Remember When?

i believe in you 150Every year when it is school picture time, I get the year’s new photo, take my first look at it, of course remark how absolutely gorgeous my children are and then proceed to put it in the frame above the fireplace.  The thing is each child’s picture frame has in it all the yearly pictures we have taken of them since they were about two years old.  Meaning Elizabeth who is 17 has 12 photos in her frame, her younger brother has seven and her older sister has topped out at 15 as she has graduated.  We like to do this thing we call “Taking a walk down memory lane” each time we change the photo.  To do this, we open the frame and set out each photo on the floor  in chronologic order.  We then look at each one to see how the person has grown and changed, once done we put them all away, display the new one and put it back on the wall.

Usually,as we are looking at the photos, there are alot of “Awws” and “Oooh”s and “Remember whens”  I can usually join in those choruses when I am looking at my first born and my third child but I have usually have a hard time when it is Elizabeth’s turn.  I can find myself mentally going back in time to the day each of her photos were taken and knowing just what she was like that day, what things we were trying to get her to do then, who was her therapist then, was it a good time of her life or was she scared or sad.

I usually would find this “walk down memory lane” to feel a bit TOO much memories, a bit TOO many feelings.  I would WANT to feel the warm fuzzies and have that feeling that you wish you could have them that young again.  and trust me Elizabeth was a absolute beauty of a baby and child,  she looked extremely huggable, kissable and loveable.  But those photos, those pictures that captured that one moment in time, could not be made to tell the truth about the baby and child.  How the tears and fears, how the crying and meltdowns, how the screams and hiding, were the actual parts of our little child.

I know that every time I would try to ease myself down memory lane,  I would want my mind to shut off, simply see my daughter in the photo and not think about how scared I was during those times of her life.

Scared because in some photos, I knew the Elizabeth in them had not been diagnosed.  “What did she have?”  Scared because we never really knew that what we were doing was the right thing…was there something else we should try?

“Hey, look how cute she is in this one”  says Emily,  I think “Yes, but I can remember the meltdown she had after leaving the photographer”

“Mom, look at her hair in this one”  I think, “Yes, she is cute but I can remember her screaming at the hair salon until we almost had to leave”

I have come to realize that those markers of time, will probably forever hold those associations to me, maybe to all of us with special needs children.   How can they not?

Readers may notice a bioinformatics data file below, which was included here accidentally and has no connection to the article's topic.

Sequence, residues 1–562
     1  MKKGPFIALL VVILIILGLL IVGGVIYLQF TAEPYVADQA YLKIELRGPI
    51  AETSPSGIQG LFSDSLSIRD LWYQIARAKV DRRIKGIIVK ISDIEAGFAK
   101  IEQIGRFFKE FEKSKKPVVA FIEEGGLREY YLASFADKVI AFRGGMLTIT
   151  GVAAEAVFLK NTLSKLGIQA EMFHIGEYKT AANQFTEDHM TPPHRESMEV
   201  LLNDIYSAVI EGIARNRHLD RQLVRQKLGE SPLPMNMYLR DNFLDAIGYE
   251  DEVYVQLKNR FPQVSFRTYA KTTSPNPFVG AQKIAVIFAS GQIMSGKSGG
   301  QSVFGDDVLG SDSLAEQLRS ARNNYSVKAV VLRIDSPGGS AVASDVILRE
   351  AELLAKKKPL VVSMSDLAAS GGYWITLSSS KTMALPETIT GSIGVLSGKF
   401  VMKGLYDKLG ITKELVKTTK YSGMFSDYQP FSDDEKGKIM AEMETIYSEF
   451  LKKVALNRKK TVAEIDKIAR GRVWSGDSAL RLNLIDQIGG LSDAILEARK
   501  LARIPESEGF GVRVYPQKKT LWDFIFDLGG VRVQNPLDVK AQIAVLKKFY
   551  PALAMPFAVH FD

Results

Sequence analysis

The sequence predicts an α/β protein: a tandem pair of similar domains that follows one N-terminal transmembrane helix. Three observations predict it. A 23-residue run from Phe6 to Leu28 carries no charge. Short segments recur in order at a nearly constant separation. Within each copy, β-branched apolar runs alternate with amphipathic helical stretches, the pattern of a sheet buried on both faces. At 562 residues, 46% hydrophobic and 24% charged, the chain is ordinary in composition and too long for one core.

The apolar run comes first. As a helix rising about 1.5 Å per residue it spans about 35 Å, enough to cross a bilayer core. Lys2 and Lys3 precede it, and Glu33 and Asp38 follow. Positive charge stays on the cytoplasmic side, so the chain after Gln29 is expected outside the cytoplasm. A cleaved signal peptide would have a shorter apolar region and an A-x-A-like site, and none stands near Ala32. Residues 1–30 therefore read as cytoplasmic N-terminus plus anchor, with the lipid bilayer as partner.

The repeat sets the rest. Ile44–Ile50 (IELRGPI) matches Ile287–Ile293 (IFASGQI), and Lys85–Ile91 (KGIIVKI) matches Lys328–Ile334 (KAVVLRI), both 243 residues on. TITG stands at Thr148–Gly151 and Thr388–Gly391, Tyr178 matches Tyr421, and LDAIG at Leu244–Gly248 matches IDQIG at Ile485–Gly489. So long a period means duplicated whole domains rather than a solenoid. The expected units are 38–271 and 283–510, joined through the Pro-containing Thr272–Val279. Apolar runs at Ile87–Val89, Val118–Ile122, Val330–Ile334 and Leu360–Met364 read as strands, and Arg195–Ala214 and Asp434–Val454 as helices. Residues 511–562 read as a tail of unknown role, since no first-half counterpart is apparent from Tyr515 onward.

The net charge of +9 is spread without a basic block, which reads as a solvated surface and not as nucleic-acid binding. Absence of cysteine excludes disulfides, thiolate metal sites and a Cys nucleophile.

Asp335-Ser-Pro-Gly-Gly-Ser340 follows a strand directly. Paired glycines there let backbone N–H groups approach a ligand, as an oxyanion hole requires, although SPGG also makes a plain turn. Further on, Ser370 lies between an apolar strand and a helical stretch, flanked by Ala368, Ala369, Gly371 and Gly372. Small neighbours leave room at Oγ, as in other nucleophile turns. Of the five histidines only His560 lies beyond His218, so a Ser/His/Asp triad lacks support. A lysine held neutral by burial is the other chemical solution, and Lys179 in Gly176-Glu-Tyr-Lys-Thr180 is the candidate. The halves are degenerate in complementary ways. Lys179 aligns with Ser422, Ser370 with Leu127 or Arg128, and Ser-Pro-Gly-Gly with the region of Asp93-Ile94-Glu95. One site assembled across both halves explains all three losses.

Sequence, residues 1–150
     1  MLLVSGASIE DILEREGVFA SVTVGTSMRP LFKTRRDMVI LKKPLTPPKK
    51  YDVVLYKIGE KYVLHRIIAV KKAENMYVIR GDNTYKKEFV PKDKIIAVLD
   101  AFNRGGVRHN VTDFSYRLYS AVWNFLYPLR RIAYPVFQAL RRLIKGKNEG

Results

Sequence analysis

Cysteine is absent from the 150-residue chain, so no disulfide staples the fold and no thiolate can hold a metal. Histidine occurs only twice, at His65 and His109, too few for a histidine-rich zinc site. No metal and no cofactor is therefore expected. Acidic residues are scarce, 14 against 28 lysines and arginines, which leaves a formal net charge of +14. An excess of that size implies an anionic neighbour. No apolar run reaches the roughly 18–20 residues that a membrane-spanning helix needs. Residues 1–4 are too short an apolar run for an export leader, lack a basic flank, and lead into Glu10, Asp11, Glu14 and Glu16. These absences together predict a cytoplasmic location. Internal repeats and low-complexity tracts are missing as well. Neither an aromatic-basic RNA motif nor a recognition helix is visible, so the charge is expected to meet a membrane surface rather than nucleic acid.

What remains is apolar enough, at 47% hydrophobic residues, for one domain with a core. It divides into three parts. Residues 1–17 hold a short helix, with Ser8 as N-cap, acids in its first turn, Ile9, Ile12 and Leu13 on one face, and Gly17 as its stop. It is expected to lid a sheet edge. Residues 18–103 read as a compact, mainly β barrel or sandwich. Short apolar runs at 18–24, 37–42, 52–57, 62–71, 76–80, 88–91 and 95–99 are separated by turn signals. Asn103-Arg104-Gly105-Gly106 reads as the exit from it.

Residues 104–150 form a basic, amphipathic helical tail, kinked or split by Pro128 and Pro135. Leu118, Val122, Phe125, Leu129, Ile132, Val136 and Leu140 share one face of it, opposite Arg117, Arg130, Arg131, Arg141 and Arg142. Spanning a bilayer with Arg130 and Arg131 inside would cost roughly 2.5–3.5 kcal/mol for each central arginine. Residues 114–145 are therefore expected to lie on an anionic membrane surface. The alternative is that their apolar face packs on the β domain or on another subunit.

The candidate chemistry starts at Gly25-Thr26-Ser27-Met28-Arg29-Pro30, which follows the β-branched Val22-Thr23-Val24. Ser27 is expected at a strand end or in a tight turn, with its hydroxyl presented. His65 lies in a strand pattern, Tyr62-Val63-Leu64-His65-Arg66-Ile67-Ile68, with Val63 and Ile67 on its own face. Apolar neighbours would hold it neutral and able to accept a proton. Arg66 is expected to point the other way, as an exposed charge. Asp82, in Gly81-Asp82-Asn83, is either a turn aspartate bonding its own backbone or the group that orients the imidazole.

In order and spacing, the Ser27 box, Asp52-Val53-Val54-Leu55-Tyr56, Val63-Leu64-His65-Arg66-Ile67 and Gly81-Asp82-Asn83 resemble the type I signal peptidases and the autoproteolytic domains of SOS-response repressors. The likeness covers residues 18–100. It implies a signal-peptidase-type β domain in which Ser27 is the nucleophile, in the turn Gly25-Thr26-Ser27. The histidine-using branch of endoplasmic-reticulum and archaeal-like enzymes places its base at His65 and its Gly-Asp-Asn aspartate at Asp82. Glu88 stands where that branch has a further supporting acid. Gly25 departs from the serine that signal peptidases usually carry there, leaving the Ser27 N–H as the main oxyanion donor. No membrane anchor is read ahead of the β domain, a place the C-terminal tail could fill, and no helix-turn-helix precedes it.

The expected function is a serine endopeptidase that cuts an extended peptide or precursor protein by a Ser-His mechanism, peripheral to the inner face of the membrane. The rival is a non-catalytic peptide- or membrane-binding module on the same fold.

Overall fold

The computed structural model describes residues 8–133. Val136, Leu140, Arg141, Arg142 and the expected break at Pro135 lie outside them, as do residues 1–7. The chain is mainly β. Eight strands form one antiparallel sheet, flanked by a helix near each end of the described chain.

Maybe those are simply that markers of time, helping us to see where we were and helping us to see how far we have come.  Maybe I can use them as simply that …Markers of time.  Maybe it is okay NOT to have those uplifting  memories related to photos because my happy thoughts and memories were for those moments NOT captured by a picture. My happy thoughts were that  she used a fork!, she colored!  She did NOT cry when we entered church…..I start there and could go on for ten blogs worth of things that I say “AWW” or “OOH” to.  They are snap shots that are in my memory, in my head….I probably can’t reproduce them for others to view.  But I CAN use them to help me when I feel a bit down or overwhelmed.

I offer these thoughts out today because of a comment made by a follower of my blog.  Thank you to you, follower, for being honest in saying that you have not gotten to the point in your world with your child where you have forgotten how tough things are…yet.

Please know that even though things with Elizabeth are so completely different from when she was young, that even though she has come so far….I still remember it all. I have not forgotten the feelings.

Maybe “remember when” when it comes to Elizabeth won’t ever be a the thing it is for my other two children.  But maybe if we use those snap shots we all have in our hearts and mind, we can off set some of the wash of feelings that come.   Perhaps our own mental “walk down memory lane” is what we need, not only when we are faced with memories but on regular days to  fortify ourselves and bring a smile to our hearts.   One that I know I need and those who have these special children in their lives need.

Wishing everyone a peaceful week.

2 thoughts on “Remember When?

  1. My son Tom is almost 13 and wasn’t diagnosed as having dyspraxia until two years ago, when I found Warren Fried online and everything matched up. So sometimes when I look at the old pictures I feel nostalgic for the days when “ignorance was bliss” and I thought his differences were mere quirkiness. Now that I know better, he’s getting the help he needs but the bubble is broken.

  2. This post was beyond touching for me.
    It brought up so much, and yet was full of insights and experiences that were new and revelatory.
    It’s true my memories are more “mixed” than they might be – the terror around figuring stuff out, the struggles…But the sweet things too. And I wish i could go back and hug both my kids AND myself and reassure us during the hard days…And bring more sweetness.
    My G’s most recent school picture came to mind right away — he’s trying to smile and he looks like he’s doing the most fake, grimace-like expression…

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